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Police Estate

14 Jan 2010

In a climate of increased fear of crime and terrorism stoking the need to accommodate ever stricter security measures, are we protecting against a one in a million chance of a terrorist attack or are we sacrificing the approachability and contact that everyday policing provides?

In a climate of increased fear of crime and terrorism stoking the need to accommodate ever stricter security measures, are we protecting against a one in a million chance of a terrorist attack or are we sacrificing the approachability and contact that everyday policing provides?

Gate houses, bollards, CCTV, perimeter fencing, blast proof walls and crackdowns on photographers are becoming increasingly common sights around our police estates. Might indirect measures such as a reconfiguration of space and passive overlooks break down not only the physical walls and barriers which have sprung up but bridge the psychological gulf between the public on the outside and their servants within?

Douglas Anderson, Property Services Manager for Strathclyde Police, said: "I have striven to break down some of the barriers traditionally associated with Police buildings and givenÊmost of the reception areas in particular an overhaul that allows the public to be received in a more open way. Key design solutions were promoted to improve access for the disabled, improve information availableÊand provide suitable security to staff. Security remains a high priority as these buildings hold important intelligence and evidence that are vital to the process of justice.'

It is into this context that a critical report from property consultancy Drivers Jonas has emerged, raising questions over the estates management of one of the largest Forces in the country, Strathclyde. The Force covers some 146 properties, 60% of which are over 30 years old but further estates development is on hold amidst report findings that "Much of the existing estate is no longer appropriate for a modern police force. Existing buildings are often poorly located, are expensive to maintain and fail to provide the type of space required'.

This left the Force feeling blue after 11 properties were identified as being "red', that's to say in need of urgent attention, indicating that the properties were unsuitable, overcrowded or in poor repair. Indeed such was the level of decay that two stations, Baillieston and Kilsyth, were rated unfit for people to work in and pressure on custody holding facilities across the estate can often see facilities 'tripled' or even 'quintupled up', posing both Health and Safety and Human Rights risks for the Force.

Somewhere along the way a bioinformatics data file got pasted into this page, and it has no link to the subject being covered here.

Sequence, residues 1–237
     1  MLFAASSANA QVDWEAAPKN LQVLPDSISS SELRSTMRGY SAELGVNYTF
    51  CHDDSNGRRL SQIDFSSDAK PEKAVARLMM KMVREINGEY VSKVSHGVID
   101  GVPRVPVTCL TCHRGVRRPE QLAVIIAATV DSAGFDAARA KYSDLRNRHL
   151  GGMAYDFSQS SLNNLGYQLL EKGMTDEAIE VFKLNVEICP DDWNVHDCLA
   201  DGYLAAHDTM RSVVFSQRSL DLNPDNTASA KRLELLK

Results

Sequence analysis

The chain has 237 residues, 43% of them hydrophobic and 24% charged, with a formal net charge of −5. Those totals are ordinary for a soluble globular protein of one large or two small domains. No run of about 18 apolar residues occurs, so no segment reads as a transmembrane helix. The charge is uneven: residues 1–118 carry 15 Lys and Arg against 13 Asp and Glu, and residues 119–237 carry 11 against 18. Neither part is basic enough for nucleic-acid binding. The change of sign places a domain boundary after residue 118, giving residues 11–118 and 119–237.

At fault lies the fact that many existing properties reflect the traditional strategy of co-locating operational policing, support, administrative functions and holding facilities. However a new model of "Community Policing' favours a move away from large centralised bases toward deployment at a local level. In essence this will see creation of a greater volume of smaller community policing teams working alongside larger centralised facilities for custody and force-wide functions, necessitating assessment as to which properties best fit this new model.

A property strategy has therefore been developed to meet future accommodation requirements. This splits policing into three key roles, community, response and custodial, each bringing with it particular accommodation, location and delivery agendas which run counter to existing co-location functions and illustrate a shift toward properties with one single function.

This removes the operational difficulties of basing police in public areas by neutering qualms relating to data protection, safety and the rights of those charged by hiving off custody and response policing, which are incompatible with public access. Changing location priorities and wider public sector reform, including a greater focus on shared spaces for public services, could radically reshape the policing structure of the region, necessitating change to the buildings needed to facilitate it, as stressed in the report: "The Force needs to become more actively involved with other members of the public sector regarding the ongoing management and development of its estate. This will allow for sharing of information, identification of good practice, opportunities for efficiencies and provide a true partnership approach.'